“We did comedy, impersonations; we’d change clothing on each set,” he said.
Audiences at the Gold Pan Saloon are still riveted by drummer Red Lewis’ dead-on Louis Armstrong impression.
“If you wanted to stay anywhere you had to have some kind of showmanship,” said Karr.
Just like maintaining spontaneity in a marriage, house bands need to keep things fresh to keep their disciples interested.
In 1967, Karr took the full glare of the Yukon spotlight when he was flown down to Montreal’s Expo 67 as a musical ambassador.
Even today, a full schedule of reunions and ceremonies greets the elder rock ‘n’ rollers.
Performing, just like daily crossword puzzles, keeps the dementia at bay.
“(Music) keeps us young, it keeps our mind going,” said Isaak.
By the 1990s, Whitehorse’s “house band” structure had started to come undone.
“If they could bring in someone that cost them less money, fine,” said Karr.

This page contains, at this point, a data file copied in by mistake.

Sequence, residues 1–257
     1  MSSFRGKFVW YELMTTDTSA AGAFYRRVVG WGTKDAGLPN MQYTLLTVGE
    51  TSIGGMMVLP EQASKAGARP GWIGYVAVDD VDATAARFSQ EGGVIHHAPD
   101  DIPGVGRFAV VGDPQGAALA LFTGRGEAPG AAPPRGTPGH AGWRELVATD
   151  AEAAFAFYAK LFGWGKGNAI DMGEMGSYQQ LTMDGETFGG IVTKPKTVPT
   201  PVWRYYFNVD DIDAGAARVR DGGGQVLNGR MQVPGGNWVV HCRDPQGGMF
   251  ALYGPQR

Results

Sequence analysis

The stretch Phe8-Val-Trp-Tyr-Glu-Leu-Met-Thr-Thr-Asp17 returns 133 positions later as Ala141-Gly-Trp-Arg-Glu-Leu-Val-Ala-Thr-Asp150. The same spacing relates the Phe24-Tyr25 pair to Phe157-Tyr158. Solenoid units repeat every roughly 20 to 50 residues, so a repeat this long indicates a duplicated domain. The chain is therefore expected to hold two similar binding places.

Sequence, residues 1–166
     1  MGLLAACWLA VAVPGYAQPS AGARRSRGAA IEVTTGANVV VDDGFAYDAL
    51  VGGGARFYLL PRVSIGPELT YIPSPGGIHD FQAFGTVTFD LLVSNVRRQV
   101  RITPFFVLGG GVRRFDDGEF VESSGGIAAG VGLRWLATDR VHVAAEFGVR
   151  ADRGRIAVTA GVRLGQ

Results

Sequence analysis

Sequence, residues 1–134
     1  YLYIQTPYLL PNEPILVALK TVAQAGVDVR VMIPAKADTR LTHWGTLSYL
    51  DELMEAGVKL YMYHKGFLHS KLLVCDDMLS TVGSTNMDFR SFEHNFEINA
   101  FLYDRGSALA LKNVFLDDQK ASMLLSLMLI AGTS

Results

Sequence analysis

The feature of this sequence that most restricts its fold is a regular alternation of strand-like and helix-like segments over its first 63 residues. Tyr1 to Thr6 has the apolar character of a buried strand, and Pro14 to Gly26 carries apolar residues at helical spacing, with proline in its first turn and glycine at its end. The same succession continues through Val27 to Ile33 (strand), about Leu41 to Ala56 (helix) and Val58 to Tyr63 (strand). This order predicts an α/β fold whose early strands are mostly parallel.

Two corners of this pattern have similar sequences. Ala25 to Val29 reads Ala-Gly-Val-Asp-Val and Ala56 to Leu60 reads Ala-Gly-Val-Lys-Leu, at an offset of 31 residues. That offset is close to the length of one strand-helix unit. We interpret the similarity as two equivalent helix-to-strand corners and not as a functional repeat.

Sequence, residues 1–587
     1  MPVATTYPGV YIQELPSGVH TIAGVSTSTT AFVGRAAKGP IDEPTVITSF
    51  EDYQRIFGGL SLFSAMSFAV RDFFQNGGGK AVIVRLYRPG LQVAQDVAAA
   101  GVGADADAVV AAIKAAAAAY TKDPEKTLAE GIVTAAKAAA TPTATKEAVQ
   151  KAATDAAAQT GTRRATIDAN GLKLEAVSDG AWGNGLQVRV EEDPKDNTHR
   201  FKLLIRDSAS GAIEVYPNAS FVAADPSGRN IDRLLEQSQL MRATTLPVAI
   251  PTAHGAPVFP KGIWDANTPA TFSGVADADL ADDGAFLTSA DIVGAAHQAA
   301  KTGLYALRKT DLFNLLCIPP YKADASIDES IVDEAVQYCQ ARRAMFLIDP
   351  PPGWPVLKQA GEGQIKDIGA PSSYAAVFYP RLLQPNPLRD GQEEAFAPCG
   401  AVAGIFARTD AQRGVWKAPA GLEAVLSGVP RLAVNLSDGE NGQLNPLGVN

Younger crowds were a factor. Bar owners soon discovered that a single DJ could draw more crowds than a four-piece band.
The bar scene was quickly becoming a thing of the past for the aging performers.
After more than five decades on stage, Karr attributes much of his success to “following his audience.”
Bars are no longer a regular haunt for the country singer.
“The bars got too young for me, and I got too old for them,” said Karr.
Special occasions gigs were next, followed by appearances at the Legion Hall.
Retirement homes may be next.
Karr described seeing a Grand Ole Opry performance by country singer David Houston.
In between songs, the singer pulled out a slip of paper and plugged a couple of upcoming senior’s home appearances.
“I thought, ‘Wow.’”
Hank Karr and Company with the Canucks Ltd. present Old Friends, Thursday night at 7:30 p.m. at the Yukon Arts Centre.
Contact Tristin Hopper at